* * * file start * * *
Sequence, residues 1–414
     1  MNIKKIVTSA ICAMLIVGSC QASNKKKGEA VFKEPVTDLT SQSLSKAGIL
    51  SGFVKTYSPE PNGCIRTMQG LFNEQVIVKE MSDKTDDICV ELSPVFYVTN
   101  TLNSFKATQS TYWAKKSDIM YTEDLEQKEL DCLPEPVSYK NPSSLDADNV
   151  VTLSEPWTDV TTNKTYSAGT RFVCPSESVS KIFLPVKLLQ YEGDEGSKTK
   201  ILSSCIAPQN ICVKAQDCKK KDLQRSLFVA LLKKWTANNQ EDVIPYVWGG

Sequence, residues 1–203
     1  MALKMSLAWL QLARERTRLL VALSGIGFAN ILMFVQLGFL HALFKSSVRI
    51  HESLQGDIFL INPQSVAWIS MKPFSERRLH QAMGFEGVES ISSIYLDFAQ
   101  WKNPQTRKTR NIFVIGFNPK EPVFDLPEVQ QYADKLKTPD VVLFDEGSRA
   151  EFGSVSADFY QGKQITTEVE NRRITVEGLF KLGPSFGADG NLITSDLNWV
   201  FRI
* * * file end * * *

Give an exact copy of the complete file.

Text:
Sequence, residues 1–414
     1  MNIKKIVTSA ICAMLIVGSC QASNKKKGEA VFKEPVTDLT SQSLSKAGIL
    51  SGFVKTYSPE PNGCIRTMQG LFNEQVIVKE MSDKTDDICV ELSPVFYVTN
   101  TLNSFKATQS TYWAKKSDIM YTEDLEQKEL DCLPEPVSYK NPSSLDADNV
   151  VTLSEPWTDV TTNKTYSAGT RFVCPSESVS KIFLPVKLLQ YEGDEGSKTK
   201  ILSSCIAPQN ICVKAQDCKK KDLQRSLFVA LLKKWTANNQ EDVIPYVWGG

Sequence, residues 1–203
     1  MALKMSLAWL QLARERTRLL VALSGIGFAN ILMFVQLGFL HALFKSSVRI
    51  HESLQGDIFL INPQSVAWIS MKPFSERRLH QAMGFEGVES ISSIYLDFAQ
   101  WKNPQTRKTR NIFVIGFNPK EPVFDLPEVQ QYADKLKTPD VVLFDEGSRA
   151  EFGSVSADFY QGKQITTEVE NRRITVEGLF KLGPSFGADG NLITSDLNWV
   201  FRI